On the recording, the pair dives into a conversational, chamber-jazz setting with mysteries, musings and motif-bending originals (six by Iverson, two by Turner). They give a nod to the Lennie Tristano-Warne Marsh school of cool with a playful flight through Marsh’s “Dixie’s Dilemma” (which is based on the changes to Jerome Kern’s “All The Things You Are”). The two artists have a long history of collaboration. Most notably, they served as the solo powerhouses in drummer Billy Hart’s quartet with bassist Ben Street starting in 2005, later appearing on Hart’s ECM albums All Our Reasons (2012) and One Is The Other (2014).

    In a recent phone conversation, Turner said that the duo album is rooted in the Hart connection. “One thing was clear to Ethan and me in wanting to play with Billy was an interest in older music, traditional music, folklore, and how that informs the music of the present,” he said. “Billy exemplifies that—the modern and the present. He embodies what we want to be. Ethan brought up the idea to do this album. There wasn’t any back-and-forth. It’s just a continuation of our relationship within Billy’s band.”

    Temporary Kings was recorded last year at the RSI studio in Lugano, Switzerland. “It’s fun to play free with Mark, because he has perfect pitch; he can hear what I’m doing.” Iverson said. “I don’t have perfect pitch. But his mind is so acute, he can always do things that are a little less obvious, whereas I can be too obvious, because I’m seeking clarity.” He paused and added, “I’m willing to sacrifice jazz hipness for clarity.”

    On the asymmetrical title track—named after the 1973 novel in Anthony Powell’s 12-volume epic, A Dance To The Music Of Time—Turner sings while Iverson swoops to create flow and sonic power. Iverson said that the book metaphorically nods to the old days when there were kings who served for a brief period and then, at the end of their reigns, were executed. “It’s like our time recording in Lugano,” he said. “We record in this fancy studio with [ECM’s] Manfred Eicher, and then we come back to Brooklyn.

    3
    Manfred Eicher by Bart Babinski

    Mark’s taking his kids to school, and I’m playing for a dance class. So, we were temporary kings.”

    Key to the success of the recording sessions was the artists’ mutual admiration. “I have tremendous respect for Mark in every dimension,” Iverson explained. “I listen to Mark, not just musically, but what he says to me as a person. It’s like when he told me that it takes us longer to be great now because there is so much more to learn. Mark is a very gentle Buddhist and family man. He plays the best tenor saxophone of his generation, and he’s not doing it in an aggressive way. He doesn’t care about commercial success and doesn’t put a package together to make himself famous. It’s really an honor to play with someone who has that level of purity.”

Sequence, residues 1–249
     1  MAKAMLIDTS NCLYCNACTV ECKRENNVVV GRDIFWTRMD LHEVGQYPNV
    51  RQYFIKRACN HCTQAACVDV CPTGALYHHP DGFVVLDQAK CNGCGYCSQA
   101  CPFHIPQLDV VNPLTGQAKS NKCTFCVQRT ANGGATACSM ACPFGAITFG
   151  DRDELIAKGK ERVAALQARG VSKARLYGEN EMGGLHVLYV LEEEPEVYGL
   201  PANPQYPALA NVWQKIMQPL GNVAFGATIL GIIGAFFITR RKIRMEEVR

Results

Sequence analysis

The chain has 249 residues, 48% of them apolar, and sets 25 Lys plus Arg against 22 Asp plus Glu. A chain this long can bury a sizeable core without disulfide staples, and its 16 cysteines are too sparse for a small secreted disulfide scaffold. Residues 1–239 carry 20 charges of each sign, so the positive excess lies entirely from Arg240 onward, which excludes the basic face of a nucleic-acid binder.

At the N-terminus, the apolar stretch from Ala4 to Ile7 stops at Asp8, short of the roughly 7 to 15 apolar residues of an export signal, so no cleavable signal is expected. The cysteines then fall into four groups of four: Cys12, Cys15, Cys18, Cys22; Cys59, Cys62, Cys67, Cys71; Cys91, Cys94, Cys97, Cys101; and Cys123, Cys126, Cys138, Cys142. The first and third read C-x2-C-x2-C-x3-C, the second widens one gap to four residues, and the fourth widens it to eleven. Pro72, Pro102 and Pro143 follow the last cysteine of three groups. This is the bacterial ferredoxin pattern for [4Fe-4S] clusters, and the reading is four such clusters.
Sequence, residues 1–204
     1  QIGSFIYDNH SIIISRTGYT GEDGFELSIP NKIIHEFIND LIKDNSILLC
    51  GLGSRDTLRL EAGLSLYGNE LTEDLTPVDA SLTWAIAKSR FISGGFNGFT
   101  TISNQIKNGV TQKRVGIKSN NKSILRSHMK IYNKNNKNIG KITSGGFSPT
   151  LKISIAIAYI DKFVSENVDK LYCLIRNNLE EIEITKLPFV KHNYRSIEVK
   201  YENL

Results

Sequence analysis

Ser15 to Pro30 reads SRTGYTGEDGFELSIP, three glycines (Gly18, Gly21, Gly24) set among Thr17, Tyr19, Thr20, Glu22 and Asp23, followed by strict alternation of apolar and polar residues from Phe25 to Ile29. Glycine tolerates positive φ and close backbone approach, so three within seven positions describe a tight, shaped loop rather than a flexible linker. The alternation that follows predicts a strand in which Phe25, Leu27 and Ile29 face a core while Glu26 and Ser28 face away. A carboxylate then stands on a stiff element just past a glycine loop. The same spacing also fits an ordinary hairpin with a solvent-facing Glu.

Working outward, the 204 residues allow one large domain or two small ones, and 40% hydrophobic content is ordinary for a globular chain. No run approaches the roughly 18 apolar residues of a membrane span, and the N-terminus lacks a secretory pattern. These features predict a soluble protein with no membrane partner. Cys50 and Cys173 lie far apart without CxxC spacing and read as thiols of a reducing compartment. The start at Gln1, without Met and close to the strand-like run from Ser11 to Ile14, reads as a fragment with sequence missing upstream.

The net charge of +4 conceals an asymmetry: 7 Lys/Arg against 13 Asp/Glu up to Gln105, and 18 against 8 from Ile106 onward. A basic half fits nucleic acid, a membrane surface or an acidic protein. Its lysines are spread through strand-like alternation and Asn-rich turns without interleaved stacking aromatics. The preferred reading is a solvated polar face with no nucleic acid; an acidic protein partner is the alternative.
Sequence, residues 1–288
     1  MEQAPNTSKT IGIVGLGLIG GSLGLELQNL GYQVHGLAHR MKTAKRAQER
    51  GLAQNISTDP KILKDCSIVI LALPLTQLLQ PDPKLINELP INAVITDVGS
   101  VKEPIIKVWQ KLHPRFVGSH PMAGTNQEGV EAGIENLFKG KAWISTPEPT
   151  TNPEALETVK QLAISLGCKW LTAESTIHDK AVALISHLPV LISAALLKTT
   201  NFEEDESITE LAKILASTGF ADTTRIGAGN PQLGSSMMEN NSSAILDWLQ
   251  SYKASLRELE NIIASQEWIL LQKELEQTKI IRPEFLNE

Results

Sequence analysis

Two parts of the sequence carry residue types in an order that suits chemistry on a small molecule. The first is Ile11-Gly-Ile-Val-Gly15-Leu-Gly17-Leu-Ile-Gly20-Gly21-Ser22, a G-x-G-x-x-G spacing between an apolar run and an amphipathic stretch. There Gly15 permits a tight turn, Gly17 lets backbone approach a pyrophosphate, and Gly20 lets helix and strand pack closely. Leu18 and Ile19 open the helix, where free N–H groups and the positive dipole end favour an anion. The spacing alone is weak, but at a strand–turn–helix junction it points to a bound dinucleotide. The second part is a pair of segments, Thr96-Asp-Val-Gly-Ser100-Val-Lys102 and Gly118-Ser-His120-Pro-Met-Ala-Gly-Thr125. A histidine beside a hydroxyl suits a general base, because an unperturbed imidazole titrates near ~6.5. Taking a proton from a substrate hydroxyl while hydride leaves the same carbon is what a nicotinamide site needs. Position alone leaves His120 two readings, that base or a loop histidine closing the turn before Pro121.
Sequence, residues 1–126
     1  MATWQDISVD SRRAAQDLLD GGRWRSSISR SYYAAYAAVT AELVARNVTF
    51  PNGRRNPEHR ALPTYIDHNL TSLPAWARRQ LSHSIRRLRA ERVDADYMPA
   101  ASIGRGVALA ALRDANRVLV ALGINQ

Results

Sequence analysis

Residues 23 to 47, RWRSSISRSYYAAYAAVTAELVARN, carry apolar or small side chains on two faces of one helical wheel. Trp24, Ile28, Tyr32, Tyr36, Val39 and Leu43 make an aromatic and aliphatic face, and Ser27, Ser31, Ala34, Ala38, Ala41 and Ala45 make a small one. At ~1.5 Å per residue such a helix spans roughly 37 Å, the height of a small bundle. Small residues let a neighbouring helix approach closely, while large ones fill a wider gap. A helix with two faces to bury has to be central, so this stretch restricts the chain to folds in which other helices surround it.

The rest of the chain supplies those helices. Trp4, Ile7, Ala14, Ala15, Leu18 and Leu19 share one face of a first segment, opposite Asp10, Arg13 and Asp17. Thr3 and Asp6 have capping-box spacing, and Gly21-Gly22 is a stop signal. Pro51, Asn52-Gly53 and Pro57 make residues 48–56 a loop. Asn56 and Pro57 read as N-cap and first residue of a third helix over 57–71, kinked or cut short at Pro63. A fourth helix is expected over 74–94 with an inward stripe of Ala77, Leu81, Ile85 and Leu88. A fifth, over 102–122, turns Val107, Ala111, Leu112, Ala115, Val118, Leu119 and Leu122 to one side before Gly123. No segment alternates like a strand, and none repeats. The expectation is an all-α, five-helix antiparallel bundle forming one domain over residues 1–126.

“Ethan is iconic,” Turner said. “There’s no one like him. He’s a true individual. The main thing he has is his touch, and I like his comping, especially with his note choices and voicings.”

    Iverson took piano lessons up to the 7th grade, but decided to quit when he became concerned that he wouldn’t ultimately get to his passion: jazz by the likes of Count Basie and Thelonious Monk. “I could read music very well,” he said, then laughed. “In fact, I’m a famous sight-reader today. But I got this message that a teacher wasn’t going to help me with jazz. In fact, maybe it could harm me. It’s like the Mary Lou Williams jazz tree, where she says that classical studies don’t help. There are many verdant branches on the tree, but the classical branch, with its études and books, is a dead branch. Paul Bley said that if you go too far down the classical path, you won’t figure out how to play jazz. The irony is that no one knew more about European classical music than he did, and I have become pretty expert at it, too.”